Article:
So no, we aren't saying the same thing at all. I still don't understand how the thinness of the line could possibly cause problems.



I'm be glad to give them up if you can explain what the problem is. So far, I just don't see it. If the thin line is the only thing within range of the AF sensor - and it *is* if you perform the test correctly - then there is nothing else for the AF sensor to lock onto. it *will* lock on to the thin line. the fact that the line is thin shouldn't - as far as I can tell - cause any problems, nor should the fact that this thin line is on an angle. I just don't see how either of those facts should present even the slightest difficulty. Which is to say, it isn't *obvious*. there might be some obscure thing going on that requires advanced knowledge of optics or physics to understand, but I don't have that kind of background. Could you explain what you think the problem actually is with thin lines or angles?
Now I understand where we are different. I did not mean to imply that the thin line was the issue, and I don't think I used those exact words. What I said was the target is too small. The target becomes even smaller the more oblique your angle is and also becomes smaller the further away you are. The smaller the target area the less likely that you will know where you are focused. It was a word interpretation difference and my inability to find the precise ones to explain my point.

There is one point in favor of the printed charts; Pentax uses a printed chart when calibrating cameras! The problem lies in all the other variables that we humans introduce when doing the same test. If you read the Pentax K series service manuals, I have, Pentax uses a precise set up. They only test with one lens and at one distance and with a precise method of exposure and they use a jig. Every camera that they test for service uses the same set up. We introduce variable distances, different lenses, different maximum apertures as well as different lighting.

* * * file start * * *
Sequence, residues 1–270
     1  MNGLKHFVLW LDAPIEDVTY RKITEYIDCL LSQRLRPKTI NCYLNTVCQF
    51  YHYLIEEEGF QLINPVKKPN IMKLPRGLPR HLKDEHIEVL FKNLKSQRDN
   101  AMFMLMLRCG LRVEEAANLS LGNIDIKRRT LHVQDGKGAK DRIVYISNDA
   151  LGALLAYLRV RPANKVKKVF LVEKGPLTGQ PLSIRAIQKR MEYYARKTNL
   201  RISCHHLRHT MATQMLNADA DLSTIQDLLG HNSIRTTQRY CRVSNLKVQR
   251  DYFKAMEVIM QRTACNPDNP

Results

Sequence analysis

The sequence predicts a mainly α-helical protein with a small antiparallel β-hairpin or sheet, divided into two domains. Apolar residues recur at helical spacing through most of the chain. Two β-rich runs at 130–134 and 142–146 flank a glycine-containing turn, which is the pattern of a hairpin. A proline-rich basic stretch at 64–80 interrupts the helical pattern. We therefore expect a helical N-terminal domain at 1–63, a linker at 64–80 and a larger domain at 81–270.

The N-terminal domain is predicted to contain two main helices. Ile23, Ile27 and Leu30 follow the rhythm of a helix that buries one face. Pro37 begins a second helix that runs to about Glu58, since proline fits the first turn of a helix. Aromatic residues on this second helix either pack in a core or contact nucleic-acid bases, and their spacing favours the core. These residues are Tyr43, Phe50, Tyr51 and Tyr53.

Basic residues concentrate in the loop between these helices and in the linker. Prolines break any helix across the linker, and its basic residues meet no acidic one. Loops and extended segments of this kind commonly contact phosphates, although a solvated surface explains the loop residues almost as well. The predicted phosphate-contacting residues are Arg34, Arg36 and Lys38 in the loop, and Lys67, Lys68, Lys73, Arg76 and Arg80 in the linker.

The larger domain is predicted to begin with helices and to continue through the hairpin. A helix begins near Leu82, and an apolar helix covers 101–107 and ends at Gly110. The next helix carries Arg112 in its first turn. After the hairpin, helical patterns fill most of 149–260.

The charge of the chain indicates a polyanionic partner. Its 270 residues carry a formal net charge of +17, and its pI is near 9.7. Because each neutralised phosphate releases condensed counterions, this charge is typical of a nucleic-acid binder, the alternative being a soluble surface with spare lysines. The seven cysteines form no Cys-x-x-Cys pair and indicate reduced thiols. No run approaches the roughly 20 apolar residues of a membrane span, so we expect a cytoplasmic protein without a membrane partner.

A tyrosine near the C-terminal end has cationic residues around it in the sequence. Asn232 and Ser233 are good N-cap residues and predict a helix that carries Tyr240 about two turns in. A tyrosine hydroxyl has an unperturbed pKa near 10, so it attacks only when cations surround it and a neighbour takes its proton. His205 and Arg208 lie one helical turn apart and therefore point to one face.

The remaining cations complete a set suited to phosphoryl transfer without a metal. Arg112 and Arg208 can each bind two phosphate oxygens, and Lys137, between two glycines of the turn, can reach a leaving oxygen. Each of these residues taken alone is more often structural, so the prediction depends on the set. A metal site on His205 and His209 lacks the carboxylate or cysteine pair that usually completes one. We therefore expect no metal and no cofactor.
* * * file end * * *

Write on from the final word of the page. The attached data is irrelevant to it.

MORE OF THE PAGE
One more note I read somewhere but don't have a direct link (might have been the same service manuals) that focusing from infinity and focusing from minimum focusing distances could produce different results. I have confirmed that my 2 K20Ds act this way. I believe I read that this is due to the cross sensor used in the center. From infinity it one axis is dominant and from close the other predominates, that would indicate to me that after you assure that the test scenario is accurate you need to verify focusing from both directions and compare the results.

Last edited by WheresWaldo; 11-11-2009 at 08:32 AM.
11-11-2009, 09:49 AM   #45
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Mathias (Kameraten) kindly agreed to my posting his reply:

"It so happens that my 17-50 just a few days ago returned from servicing. In addition to the faulty focusing it had also developed a habit of reporting the focal length incorrectly to the camera which was upsetting both shake reduction and flash.
The thing had some chip repaired and electronically calibrated and wow, now it's quite different! It actually hits focus both near and far, with zero adjustment. Earlier it had to be adjusted as far back (-10) as possible in order to hit even sometimes.
Since I originally extensively tested three different brand new copies of the lens, with three different bodies, I'm bound to believe Tamron has made some kind of product development that has gone into the repair kits too. Or the original lenses were all just incredibly badly adjusted. On the K10D it was useless.
There sure are a lot of weird and even wrong things with the Pentax focusing system, but thats mostly a different story."